EVERETT, Wash.-- Everything at Costco is supersized, but the biggest thing in the store isn't for sale. Patti Pater's smile is tough to miss, and even tougher not to reciprocate. She has spent years working in customer service, "I just got promoted a couple months ago..."
Now she is a cashier at the South Everett Costco.
Despite her kind demeanor, she says at least one person a day makes an insensitive comment to her about her looks, "Well one time I had this lady, my line was really long and it was a really busy weekend. She told me that she has been looking at me for the last 10 minutes, and I've been making faces the whole time so she was laughing at me. So I just told her I have Dystonia and I can`t help it."
Dystonia is a rare neurological condition where muscles involuntarily contract. Which comes with physical and mental pain, "Makes me feel like crying most of the time, but I kinda just gotta get over that and know that there`s so many people in my life cheering me on, loving me for who I am and not the faces that I make."
Patti's complications started early. As her sister, I had a front row seat, "No one knew what was wrong with me for the longest time."
When she was born, Patti had seizures and was on medication that impacted her mental and physical development.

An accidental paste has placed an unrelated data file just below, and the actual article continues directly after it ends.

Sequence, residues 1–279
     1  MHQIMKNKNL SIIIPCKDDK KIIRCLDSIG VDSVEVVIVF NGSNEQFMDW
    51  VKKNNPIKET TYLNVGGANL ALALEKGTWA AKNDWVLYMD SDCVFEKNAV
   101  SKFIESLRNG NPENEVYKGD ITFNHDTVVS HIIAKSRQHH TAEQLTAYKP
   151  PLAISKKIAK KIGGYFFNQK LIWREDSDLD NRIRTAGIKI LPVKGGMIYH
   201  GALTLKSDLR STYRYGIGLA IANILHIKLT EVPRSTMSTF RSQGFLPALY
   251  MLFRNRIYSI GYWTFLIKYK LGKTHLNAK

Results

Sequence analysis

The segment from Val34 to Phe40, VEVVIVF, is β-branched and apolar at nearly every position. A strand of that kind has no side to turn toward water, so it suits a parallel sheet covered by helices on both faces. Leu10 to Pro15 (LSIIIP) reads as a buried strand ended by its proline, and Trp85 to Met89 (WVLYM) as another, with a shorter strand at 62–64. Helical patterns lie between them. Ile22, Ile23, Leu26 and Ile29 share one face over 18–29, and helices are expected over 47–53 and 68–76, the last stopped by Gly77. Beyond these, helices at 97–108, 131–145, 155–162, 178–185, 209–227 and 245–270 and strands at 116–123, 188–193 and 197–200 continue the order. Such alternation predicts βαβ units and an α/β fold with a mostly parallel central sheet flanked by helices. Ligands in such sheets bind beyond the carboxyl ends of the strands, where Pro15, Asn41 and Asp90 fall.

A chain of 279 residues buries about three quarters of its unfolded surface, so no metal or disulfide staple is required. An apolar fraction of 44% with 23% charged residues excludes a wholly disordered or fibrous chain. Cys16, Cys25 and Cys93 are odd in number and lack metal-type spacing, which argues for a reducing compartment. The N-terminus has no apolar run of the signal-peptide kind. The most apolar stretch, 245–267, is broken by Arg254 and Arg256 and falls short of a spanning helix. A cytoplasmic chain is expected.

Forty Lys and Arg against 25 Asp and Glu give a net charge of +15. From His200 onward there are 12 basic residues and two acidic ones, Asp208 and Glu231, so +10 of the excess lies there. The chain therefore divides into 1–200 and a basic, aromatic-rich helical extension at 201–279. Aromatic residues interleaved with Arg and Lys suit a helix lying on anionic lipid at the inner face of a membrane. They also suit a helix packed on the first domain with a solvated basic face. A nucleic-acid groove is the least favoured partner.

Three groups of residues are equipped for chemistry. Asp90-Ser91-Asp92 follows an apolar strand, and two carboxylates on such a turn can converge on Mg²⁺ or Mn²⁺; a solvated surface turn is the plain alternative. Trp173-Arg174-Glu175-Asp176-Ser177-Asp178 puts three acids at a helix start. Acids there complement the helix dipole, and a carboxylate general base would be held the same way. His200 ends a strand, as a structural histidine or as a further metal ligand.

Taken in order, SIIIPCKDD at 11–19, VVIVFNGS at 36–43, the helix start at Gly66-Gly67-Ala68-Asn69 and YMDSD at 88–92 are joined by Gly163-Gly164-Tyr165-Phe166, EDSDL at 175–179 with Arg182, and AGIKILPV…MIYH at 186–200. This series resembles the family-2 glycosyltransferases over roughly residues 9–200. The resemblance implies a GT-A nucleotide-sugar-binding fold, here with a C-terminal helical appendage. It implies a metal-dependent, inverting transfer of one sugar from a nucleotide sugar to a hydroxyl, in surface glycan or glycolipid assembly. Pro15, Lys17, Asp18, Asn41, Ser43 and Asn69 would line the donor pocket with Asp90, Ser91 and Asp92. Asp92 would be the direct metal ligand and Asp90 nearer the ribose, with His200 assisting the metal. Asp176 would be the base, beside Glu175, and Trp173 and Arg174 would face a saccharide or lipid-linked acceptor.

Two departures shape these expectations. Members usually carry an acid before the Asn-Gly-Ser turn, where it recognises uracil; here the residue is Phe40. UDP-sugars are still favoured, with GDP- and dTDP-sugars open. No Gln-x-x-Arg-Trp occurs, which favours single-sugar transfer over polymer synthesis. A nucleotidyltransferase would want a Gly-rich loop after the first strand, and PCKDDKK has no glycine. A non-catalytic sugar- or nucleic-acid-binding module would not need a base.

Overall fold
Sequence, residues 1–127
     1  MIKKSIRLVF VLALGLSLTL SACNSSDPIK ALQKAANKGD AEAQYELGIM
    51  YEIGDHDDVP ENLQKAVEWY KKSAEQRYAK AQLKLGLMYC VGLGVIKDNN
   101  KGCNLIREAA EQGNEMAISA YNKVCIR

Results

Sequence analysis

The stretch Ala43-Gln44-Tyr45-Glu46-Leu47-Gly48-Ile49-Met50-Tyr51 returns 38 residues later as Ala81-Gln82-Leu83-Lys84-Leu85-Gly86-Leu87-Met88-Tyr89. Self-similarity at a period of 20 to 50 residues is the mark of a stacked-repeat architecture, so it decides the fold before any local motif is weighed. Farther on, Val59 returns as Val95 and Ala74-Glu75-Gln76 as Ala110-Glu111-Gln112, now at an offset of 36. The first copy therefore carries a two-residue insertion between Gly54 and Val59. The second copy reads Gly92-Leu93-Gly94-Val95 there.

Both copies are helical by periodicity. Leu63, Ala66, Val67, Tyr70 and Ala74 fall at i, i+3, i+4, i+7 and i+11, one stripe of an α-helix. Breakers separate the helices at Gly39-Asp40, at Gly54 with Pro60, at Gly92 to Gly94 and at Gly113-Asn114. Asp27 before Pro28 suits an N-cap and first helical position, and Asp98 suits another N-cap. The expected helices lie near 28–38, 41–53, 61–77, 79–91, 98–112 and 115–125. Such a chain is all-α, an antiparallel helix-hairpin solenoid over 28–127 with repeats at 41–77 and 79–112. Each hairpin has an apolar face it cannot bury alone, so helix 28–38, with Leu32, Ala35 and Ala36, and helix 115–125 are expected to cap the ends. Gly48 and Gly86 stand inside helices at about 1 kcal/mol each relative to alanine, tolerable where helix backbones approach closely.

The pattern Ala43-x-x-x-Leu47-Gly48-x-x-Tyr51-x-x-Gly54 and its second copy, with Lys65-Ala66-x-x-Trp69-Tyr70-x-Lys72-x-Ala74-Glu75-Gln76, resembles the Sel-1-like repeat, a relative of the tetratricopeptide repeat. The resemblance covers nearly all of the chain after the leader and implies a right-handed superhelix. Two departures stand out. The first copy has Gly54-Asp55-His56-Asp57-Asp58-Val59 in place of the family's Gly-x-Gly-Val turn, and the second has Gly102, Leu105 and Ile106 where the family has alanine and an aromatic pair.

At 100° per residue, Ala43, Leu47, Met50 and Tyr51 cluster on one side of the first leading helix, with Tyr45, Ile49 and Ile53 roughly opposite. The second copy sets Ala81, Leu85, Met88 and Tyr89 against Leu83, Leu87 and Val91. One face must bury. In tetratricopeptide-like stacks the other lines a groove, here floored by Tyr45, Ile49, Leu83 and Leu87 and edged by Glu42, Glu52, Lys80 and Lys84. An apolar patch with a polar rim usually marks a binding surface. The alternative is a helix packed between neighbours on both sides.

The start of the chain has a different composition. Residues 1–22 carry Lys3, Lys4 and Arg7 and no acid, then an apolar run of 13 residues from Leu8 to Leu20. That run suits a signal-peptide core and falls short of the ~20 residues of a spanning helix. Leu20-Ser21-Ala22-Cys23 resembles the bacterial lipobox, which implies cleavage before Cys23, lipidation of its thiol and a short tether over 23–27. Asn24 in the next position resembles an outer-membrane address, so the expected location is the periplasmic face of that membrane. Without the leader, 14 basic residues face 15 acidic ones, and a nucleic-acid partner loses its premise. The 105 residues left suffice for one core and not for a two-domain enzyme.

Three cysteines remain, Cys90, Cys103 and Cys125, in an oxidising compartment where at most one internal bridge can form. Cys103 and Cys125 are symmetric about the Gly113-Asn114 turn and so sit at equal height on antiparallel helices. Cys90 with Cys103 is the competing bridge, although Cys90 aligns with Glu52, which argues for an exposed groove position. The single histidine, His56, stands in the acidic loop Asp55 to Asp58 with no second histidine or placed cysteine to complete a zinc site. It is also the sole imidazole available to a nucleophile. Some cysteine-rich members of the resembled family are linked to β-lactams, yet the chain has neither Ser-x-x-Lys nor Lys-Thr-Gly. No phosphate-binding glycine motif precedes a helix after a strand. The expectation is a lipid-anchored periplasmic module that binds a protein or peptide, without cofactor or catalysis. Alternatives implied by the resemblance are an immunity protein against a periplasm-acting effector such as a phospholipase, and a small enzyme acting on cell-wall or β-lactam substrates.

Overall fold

It wasn't until she was 16 years old, "When I first got into high school, I couldn't stop twitching and just all of a sudden this pain happened..." that she found a source for her spasms, Dystonia, "I felt like an outcast. Like I wasn't like everyone else anymore."
But with time, Patti figured out how to navigate the incurable disease, by positioning her hand a certain way, she says she can focus on her words, not her muscles, "A lot of times when I'm talking, I feel like I can't say what's on my mind and you'll see me like this a lot of the time, or like this... so I can actually talk what`s on my mind."
Now at 31 years old, Patti is more confident in her abilities than ever, "I feel good about supporting and providing for my family. It makes me feel really good about myself."
As she is also legally the caregiver to her boyfriend Nick, "I have to tell him in the morning after he eats, Nick take your medicine."
Nick lives with Asperger's, Cerebral Palsy and is legally blind.
"I know he feels safe with me. It`s nice to give him a chance in life, too."
While he MAY not be reminding Patti when to take her vitamins, Nick is caring for Patti in a different way, "I just feel like I can be myself to Nick. I don't have to hide anything."
Nick's love, unconditional, "She is perfect, to me, she is perfect in every way."
Now if we could all just navigate what's unfamiliar with a little more tolerance, "Even if you're saying are you okay? You know I can be like, 'Oh I have Dystonia' and that brings up the topic of what's going on, instead of saying what the heck is wrong with you?...I wish they would just look beyond my disability."
There are still a lot of questions surrounding the disorder as there isn't a lot of research behind it yet. According to the Dystonia Foundation, the disorder generally develops gradually. It does not shorten life expectancy or result in death.
There are forms of dystonia that are known to be genetic and forms that may not have a genetic component, which is called Acquired Dystonia.
That can be brought on by injury to the brain which includes having a stroke, or being exposed to certain medications.